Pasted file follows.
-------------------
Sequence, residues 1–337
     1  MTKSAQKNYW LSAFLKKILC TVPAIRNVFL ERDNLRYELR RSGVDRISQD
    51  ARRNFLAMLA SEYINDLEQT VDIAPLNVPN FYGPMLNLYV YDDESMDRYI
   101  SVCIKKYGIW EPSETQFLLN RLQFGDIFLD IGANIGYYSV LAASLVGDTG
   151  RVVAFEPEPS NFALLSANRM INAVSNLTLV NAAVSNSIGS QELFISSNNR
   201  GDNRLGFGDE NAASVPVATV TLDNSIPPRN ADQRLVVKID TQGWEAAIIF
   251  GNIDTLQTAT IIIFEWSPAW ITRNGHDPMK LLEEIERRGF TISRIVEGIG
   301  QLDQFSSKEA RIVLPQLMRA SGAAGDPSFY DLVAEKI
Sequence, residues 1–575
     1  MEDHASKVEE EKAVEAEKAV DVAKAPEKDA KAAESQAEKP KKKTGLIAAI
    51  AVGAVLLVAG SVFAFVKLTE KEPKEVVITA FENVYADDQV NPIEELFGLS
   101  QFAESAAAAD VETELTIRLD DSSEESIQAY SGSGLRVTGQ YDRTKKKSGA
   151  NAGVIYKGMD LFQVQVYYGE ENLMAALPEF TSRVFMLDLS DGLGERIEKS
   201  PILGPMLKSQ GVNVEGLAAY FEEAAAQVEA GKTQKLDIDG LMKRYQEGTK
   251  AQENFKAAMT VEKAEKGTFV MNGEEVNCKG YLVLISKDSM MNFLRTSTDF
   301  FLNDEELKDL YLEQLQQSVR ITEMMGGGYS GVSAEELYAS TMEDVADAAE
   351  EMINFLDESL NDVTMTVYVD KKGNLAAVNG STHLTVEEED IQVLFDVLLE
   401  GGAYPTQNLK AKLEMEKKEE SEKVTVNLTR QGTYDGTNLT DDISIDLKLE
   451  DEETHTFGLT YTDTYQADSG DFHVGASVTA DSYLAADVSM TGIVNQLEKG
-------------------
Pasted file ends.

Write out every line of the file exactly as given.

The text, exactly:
Sequence, residues 1–337
     1  MTKSAQKNYW LSAFLKKILC TVPAIRNVFL ERDNLRYELR RSGVDRISQD
    51  ARRNFLAMLA SEYINDLEQT VDIAPLNVPN FYGPMLNLYV YDDESMDRYI
   101  SVCIKKYGIW EPSETQFLLN RLQFGDIFLD IGANIGYYSV LAASLVGDTG
   151  RVVAFEPEPS NFALLSANRM INAVSNLTLV NAAVSNSIGS QELFISSNNR
   201  GDNRLGFGDE NAASVPVATV TLDNSIPPRN ADQRLVVKID TQGWEAAIIF
   251  GNIDTLQTAT IIIFEWSPAW ITRNGHDPMK LLEEIERRGF TISRIVEGIG
   301  QLDQFSSKEA RIVLPQLMRA SGAAGDPSFY DLVAEKI
Sequence, residues 1–575
     1  MEDHASKVEE EKAVEAEKAV DVAKAPEKDA KAAESQAEKP KKKTGLIAAI
    51  AVGAVLLVAG SVFAFVKLTE KEPKEVVITA FENVYADDQV NPIEELFGLS
   101  QFAESAAAAD VETELTIRLD DSSEESIQAY SGSGLRVTGQ YDRTKKKSGA
   151  NAGVIYKGMD LFQVQVYYGE ENLMAALPEF TSRVFMLDLS DGLGERIEKS
   201  PILGPMLKSQ GVNVEGLAAY FEEAAAQVEA GKTQKLDIDG LMKRYQEGTK
   251  AQENFKAAMT VEKAEKGTFV MNGEEVNCKG YLVLISKDSM MNFLRTSTDF
   301  FLNDEELKDL YLEQLQQSVR ITEMMGGGYS GVSAEELYAS TMEDVADAAE
   351  EMINFLDESL NDVTMTVYVD KKGNLAAVNG STHLTVEEED IQVLFDVLLE
   401  GGAYPTQNLK AKLEMEKKEE SEKVTVNLTR QGTYDGTNLT DDISIDLKLE
   451  DEETHTFGLT YTDTYQADSG DFHVGASVTA DSYLAADVSM TGIVNQLEKG